On September 17, 2011, largely in response to an Adbusters campaign and growing frustration with the state of affairs in the US economy, people flocked to Zuccotti Park to, tents in hand, to make their voices heard. Similar movements around the US (and beyond) were soon to follow. One thing is pretty clear: there were many different opinions about OWS, and plenty of disagreements. Some people felt it was a necessary step to take to challenge the status quo, while others seemed to see it as a harbinger of disaster for US society.
If nothing else, OWS certainly garnered its fair share of attention, whether in the form of support, solidarity, derision, or outright counter-protest. Searching for meaning in the midst of such a massive (and contentious) social movement is anything but simple. Contemporaneous events are all the more difficult to analyze, understand, and assess. So where to begin? Well, here's the basic OWS summary from Wikipedia (apropos for an issue that deals with Open Access):
Occupy Wall Street (OWS) is a protest movement that began September 17, 2011 in Zuccotti Park, located in New York City's Wall Street financial district. The protests are against social and economic inequality, greed, corruption and the undue influence of corporations on government—particularly from the financial services sector. To effect change OWS uses "direct action" instead of petitioning authorities.Their slogan, We are the 99%, addresses the growing income inequality and wealth distribution in the U.S. between the wealthiest 1% and the rest of the population. OWS was initiated by the Canadian activist group Adbusters and has led to Occupy protests and movements around the world.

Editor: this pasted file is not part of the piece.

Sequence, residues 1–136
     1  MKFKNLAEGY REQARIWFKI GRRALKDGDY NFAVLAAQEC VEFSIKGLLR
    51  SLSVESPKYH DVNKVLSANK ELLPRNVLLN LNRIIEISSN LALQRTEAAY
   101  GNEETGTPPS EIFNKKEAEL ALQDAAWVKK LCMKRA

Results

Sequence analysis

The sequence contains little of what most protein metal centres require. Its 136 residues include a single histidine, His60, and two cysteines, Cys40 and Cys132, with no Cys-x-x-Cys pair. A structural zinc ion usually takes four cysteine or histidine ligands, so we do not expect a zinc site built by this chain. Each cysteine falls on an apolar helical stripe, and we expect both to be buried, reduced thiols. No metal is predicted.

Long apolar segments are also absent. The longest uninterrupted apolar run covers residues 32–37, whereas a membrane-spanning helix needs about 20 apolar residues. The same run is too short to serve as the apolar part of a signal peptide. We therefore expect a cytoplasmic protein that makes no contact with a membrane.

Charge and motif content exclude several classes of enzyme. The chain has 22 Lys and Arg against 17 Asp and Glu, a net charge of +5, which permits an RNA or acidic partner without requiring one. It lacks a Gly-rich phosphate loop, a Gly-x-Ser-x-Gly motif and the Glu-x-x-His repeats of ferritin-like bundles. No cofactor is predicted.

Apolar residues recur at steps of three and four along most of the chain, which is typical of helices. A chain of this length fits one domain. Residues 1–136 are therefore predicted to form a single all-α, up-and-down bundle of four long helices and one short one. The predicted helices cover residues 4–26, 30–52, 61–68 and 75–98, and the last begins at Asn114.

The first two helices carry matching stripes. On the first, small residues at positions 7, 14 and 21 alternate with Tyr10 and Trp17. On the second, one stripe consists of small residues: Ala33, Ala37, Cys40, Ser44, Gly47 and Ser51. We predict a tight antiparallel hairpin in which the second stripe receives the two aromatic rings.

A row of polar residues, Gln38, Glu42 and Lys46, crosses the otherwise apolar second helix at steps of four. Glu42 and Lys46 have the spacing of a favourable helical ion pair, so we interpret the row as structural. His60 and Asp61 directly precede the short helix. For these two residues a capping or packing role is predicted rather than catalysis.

|Adbusters poster for OWS.|
For people who feel like they already know everything they need to know about OWS, or who have already heard enough, maybe that quick summary is enough. It gets to the point. What I'm wondering, though, is where all the anthropologists (who study these sorts of things) were during all of this. Where were you, for example? I can tell you pretty much exactly where I was on September 17, 2011: sitting in front of this very laptop, working on one or another draft of a grant proposal.
Like many graduate students, I was basically buried in the process of becoming an anthropologist, for better or worse. Considering many of the concerns that OWS protesters voiced, my trapped-behind-the-computer-fate is somewhat a part of the problem. What happens, after all, if everyone is "just too busy" to deal with a social and economic system that has basically run right off the track? I'm not going to try to answer that. Instead, I'll leave that question hanging and see if anyone picks it up.
Anyway, my experience of "OWS" was mediated through things like TV news, twitter, blogs, and Facebook. Does this mean that I was completely disconnected? Does it mean that I was just some passive observer, and no more? Not really (and see Adam Fish's post a little later on). At the same time, I wasn't exactly in the thick of things, even if I tried to follow along, read up, and see what was going on.
One of the issues that I saw with OWS was that it was so polarizing: for some people there was no middle ground. They were either for it, or against it. During the whole time I wondered about the people who found themselves somewhere in between. I also wondered who, among those really active voices, had actually been to an OWS protest and seen how things were actually playing out on the ground (outside of the clips and sound bites on TV). Sometimes "being there" is a good antidote to both unflinching idealism and unending criticism and cynicism. And the idea of "being there" is part of anthropology's stock and trade. So where were all the anthropologists?
Read the rest on anthropologies, here.
Read the rest on anthropologies, here.